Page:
The humbug around the spin on taking actions on climate happens internationally, nationally and locally. Continue reading Climate Change humbug
In the lead up to the October ACT election, trees were an item of interest to anyone wanting to be elected.
When governments don’t want to do much about something that requires actions, they hold inquiries, set up “Have Your Say” websites, present loads of useless stuff to public gatherings, talk a lot as if they are doing something and produce draft strategies.
While the October ACT election returned a new version of the Labor/Greens coalition, this result was not because it was respected.
When it comes to the ACT government and planning and development, 2020 was not a year to be celebrated.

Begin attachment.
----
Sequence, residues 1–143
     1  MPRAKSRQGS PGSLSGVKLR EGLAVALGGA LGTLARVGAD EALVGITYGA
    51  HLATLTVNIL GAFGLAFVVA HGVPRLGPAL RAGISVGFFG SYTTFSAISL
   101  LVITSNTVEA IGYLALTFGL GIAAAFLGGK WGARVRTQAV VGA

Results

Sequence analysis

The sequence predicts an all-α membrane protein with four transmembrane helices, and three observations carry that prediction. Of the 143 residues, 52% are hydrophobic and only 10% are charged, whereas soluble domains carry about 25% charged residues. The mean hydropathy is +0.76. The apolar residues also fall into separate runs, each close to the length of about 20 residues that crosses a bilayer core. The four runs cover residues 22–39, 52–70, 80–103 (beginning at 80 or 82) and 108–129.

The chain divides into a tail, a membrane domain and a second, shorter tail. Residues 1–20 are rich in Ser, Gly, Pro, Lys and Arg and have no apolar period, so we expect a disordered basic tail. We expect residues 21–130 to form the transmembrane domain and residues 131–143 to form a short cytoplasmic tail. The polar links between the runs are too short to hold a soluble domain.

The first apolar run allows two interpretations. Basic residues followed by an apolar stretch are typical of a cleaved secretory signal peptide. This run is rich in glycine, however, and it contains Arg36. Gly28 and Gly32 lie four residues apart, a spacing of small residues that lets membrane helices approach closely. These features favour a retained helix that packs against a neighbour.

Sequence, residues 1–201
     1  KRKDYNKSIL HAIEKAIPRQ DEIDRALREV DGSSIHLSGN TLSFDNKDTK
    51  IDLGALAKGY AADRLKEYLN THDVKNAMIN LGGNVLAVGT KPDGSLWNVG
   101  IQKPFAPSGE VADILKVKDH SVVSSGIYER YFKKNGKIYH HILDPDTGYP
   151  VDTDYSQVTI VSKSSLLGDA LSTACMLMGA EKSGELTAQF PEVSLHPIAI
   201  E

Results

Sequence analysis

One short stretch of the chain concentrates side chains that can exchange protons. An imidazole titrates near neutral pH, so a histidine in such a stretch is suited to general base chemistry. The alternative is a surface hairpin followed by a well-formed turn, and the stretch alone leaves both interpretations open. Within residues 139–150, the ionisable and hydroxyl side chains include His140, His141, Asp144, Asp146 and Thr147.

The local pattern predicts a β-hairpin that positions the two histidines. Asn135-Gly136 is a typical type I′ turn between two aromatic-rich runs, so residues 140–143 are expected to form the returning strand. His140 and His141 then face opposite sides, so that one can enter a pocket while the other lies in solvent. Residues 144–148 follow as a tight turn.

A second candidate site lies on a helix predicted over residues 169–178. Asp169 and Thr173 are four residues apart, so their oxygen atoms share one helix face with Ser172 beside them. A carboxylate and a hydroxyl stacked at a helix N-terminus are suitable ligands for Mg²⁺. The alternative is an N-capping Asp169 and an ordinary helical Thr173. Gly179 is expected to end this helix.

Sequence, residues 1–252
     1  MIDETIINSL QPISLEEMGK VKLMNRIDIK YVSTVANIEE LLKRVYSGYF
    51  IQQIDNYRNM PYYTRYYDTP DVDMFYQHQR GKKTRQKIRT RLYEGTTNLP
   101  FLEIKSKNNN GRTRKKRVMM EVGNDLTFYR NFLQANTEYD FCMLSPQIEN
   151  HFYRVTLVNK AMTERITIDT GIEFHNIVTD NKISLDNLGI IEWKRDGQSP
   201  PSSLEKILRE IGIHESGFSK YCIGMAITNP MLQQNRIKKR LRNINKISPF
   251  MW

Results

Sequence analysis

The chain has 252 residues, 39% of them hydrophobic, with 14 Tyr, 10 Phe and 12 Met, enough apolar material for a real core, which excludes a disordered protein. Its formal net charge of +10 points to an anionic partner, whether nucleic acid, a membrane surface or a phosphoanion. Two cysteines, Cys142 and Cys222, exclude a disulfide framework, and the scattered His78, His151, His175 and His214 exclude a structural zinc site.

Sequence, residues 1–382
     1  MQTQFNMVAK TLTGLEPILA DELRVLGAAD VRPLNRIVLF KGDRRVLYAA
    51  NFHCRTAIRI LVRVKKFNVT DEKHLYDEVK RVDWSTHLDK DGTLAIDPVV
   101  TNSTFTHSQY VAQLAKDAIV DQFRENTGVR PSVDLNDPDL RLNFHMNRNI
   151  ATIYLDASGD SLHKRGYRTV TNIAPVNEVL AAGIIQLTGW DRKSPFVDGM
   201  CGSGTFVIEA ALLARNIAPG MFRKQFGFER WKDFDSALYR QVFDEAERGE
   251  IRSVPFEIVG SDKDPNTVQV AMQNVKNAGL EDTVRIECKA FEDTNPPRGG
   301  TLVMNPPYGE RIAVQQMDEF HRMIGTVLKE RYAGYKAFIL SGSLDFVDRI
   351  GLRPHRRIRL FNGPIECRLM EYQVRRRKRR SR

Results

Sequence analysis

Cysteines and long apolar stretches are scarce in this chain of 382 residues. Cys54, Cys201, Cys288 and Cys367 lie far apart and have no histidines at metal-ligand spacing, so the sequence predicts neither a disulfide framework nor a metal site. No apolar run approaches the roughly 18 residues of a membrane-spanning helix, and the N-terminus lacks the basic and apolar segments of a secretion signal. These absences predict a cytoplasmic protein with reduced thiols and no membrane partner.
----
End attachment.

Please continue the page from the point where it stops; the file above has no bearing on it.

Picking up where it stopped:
In 2015, the now disbanded Land Development Agency announced the follow up to its 2011 master plan with the go-ahead for the Kingston Arts Precinct.
With one week to go to the ACT elections, my interest has definitely reduced.
Many residents who voted for the ACT Greens are disillusioned given how the partnership with ACT Labor has sidelined many planning, development, environmental, heritage and urban issues.
It’s an interesting exercise to commission a friend to draw a cartoon of the three people (two politicians and one bureaucrat) who are largely responsible for Canberra’s planning and development.
The sign above is in Deakin and placed after an intersection and well before the next. Continue reading Signs of Something
On World Environment Day, June 5, the Canberra Liberals committed to planting one million trees over the next decade if they form government following the October 17 ACT election.